Do you know the story of the Prodigal Son? What a question!
Of course you do. You’ve been hearing it all your life. And that just may be
Most of us are victims of overfamiliarity when it comes to certain
biblical passages. We think we know them so well that when the Sunday Gospel
begins, “A man had two sons, and the younger son said to his father...,” it
registers in our subconscious as, “Oh, right, that one.” Our busy little
brain moves on to more pressing matters, such as where we’ll go for brunch after
church. On some level, we may follow the words of the well-known tale, but do
we really hear it?
Sometimes (probably not often enough), when I find myself drifting
into that kind of complacent apathy, I try to jar myself back to the moment
by pretending I’ve never heard the reading before, hanging on its every word.
The results can be startling as I often hear something I’m almost sure wasn’t
there in previous readings. With the Prodigal Son parable, I was stopped in
my tracks, not by something that was said, but rather by something that wasn’t.
Change That Title
I wish we’d never hung the Prodigal Son label on this story.
I doubt that Luke would have titled it so because it places the emphasis on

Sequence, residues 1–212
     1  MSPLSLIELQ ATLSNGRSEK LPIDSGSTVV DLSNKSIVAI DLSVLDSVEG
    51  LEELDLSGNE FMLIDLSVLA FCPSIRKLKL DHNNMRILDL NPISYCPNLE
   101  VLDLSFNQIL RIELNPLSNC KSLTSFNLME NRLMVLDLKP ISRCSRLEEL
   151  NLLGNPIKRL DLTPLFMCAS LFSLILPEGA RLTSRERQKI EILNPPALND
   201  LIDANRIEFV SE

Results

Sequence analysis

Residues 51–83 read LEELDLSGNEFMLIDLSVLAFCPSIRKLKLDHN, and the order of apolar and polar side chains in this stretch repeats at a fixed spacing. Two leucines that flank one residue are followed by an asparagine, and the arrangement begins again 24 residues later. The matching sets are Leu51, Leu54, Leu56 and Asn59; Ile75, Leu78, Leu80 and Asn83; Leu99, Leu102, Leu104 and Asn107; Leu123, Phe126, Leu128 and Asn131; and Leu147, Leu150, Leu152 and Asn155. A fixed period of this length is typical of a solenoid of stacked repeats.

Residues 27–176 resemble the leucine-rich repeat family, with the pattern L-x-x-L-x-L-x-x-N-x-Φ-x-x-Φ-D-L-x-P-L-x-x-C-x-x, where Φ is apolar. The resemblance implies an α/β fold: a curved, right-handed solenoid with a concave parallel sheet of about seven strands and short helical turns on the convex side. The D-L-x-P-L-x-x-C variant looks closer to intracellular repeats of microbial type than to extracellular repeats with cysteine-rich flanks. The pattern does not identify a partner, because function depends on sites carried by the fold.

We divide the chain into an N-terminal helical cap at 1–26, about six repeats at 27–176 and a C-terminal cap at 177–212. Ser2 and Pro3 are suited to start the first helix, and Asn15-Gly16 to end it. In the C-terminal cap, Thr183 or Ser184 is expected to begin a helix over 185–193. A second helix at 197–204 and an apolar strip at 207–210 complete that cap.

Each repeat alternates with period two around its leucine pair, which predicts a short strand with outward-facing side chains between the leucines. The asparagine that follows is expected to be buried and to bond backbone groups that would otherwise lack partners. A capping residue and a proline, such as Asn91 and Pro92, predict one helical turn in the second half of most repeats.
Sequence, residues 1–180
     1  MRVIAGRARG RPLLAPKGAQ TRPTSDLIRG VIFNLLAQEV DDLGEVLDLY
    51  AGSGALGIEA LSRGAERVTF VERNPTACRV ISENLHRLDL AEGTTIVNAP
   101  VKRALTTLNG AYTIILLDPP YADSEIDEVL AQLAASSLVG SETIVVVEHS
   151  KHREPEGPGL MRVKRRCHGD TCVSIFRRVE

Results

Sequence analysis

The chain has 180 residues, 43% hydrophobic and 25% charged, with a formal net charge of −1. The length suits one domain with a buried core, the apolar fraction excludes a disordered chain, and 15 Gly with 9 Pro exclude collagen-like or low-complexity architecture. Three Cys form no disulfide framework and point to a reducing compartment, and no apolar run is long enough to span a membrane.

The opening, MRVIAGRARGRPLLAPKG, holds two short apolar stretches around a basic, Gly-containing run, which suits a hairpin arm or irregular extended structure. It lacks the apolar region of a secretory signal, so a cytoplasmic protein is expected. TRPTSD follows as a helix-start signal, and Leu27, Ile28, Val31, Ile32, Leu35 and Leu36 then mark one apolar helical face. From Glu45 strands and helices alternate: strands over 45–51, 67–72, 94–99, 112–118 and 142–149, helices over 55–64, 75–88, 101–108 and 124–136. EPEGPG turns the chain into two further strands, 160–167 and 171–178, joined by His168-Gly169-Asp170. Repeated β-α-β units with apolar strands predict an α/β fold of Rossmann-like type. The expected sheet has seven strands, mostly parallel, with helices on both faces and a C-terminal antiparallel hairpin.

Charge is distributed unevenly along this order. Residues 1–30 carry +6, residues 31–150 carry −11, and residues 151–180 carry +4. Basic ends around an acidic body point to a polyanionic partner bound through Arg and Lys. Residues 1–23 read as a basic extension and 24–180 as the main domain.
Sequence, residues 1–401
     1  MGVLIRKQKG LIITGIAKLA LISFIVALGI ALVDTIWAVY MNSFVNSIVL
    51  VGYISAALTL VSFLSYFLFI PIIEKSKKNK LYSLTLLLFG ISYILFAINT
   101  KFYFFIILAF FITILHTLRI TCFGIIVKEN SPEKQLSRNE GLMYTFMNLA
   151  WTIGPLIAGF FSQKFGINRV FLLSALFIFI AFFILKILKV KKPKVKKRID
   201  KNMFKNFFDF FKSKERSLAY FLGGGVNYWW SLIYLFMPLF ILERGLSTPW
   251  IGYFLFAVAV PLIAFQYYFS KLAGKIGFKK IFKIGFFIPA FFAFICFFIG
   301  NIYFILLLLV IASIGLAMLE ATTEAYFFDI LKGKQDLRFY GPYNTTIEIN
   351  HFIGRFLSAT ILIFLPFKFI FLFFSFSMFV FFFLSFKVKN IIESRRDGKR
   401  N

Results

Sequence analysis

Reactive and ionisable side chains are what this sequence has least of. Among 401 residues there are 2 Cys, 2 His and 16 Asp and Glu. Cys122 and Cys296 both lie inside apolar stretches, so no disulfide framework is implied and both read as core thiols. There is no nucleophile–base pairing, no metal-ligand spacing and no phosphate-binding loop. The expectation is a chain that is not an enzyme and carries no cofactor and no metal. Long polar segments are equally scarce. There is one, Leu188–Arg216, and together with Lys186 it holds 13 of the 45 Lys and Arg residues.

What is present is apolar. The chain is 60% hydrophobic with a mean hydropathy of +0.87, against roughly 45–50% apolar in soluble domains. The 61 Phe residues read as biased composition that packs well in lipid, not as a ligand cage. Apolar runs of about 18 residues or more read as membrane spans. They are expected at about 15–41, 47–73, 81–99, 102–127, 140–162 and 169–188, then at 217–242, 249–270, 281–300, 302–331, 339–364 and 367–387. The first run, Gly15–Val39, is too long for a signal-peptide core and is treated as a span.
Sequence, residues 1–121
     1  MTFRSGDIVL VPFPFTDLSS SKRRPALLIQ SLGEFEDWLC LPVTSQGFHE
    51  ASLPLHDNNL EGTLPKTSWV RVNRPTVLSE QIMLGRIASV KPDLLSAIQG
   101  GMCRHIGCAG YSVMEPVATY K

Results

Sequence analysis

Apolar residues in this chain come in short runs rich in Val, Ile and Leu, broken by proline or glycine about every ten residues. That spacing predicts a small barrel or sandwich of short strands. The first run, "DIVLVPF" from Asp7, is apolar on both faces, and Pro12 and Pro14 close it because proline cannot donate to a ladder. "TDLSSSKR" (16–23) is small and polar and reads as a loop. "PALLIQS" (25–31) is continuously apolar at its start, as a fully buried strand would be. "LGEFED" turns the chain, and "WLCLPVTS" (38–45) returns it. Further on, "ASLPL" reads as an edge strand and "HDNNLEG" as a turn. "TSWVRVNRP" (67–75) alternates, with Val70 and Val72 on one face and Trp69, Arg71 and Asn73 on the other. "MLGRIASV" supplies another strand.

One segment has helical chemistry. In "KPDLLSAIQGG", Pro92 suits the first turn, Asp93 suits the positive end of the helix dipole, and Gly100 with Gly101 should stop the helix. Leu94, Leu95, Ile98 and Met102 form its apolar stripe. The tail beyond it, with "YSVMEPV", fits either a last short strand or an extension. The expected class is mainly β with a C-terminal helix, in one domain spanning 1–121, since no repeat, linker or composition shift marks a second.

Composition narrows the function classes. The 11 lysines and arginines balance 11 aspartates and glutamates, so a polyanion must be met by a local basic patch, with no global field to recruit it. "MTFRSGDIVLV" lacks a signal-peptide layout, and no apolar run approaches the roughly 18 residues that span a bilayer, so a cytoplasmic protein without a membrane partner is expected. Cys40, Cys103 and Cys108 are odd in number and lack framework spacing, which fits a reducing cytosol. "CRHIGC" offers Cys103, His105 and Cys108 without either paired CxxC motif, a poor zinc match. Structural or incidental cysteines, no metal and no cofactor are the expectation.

the wrong word.
Neither son is the centerpiece of the story. That distinction belongs
to the father. So, if we must have a title, I’d be much more comfortable
with the Forgiving Father.
Now we can proceed to the gist of the story. I won’t retell the
tale here. We know it almost too well: Scene One, Show Me the Money; Scene Two,
Son Takes Off; Scene Three, Son Strikes Out; Scene Four, Son Prepares to Eat
Now comes Scene Five. As the capricious younger son plods along
the dusty road, rehearsing his speech of repentance, he is probably attempting
to anticipate his father’s reaction, which might range from disappointment to
rage. He’s not looking forward to any of these.
Scene Six: Camera Shifts
Now the scene shifts to the father himself. As you read above,
“His father caught sight of [the son] and was filled with compassion.” I’m struck
forcefully by what is left unsaid. If the father spied the boy on the road from
afar, it can only mean that he’d been standing there day after day, perhaps
year after year—peering into the distance, hoping to see a familiar figure come
When it finally happens, the father doesn’t stand there tapping
his foot, waiting to let fly the words of anger and rejection he’s been saving
up all that time. On the contrary, he runs down the road, nearly bowls the boy
over with embraces and kisses, absolutely refusing to listen to his son’s carefully
As children who are often in the position of returning to our Father
God after running off in all sorts of unproductive directions, what solace we
find in this old parable! Once we’ve figured out that we’ve blown it yet again
and set our weary feet on the road home, we might deserve ranting, raving and
rejection, but our God will run to meet us as we top the distant hill.
Our Father will enfold us in a loving embrace and drown our chagrin
in calls for celebration. Ours is a forgiving Father. Thank God for God!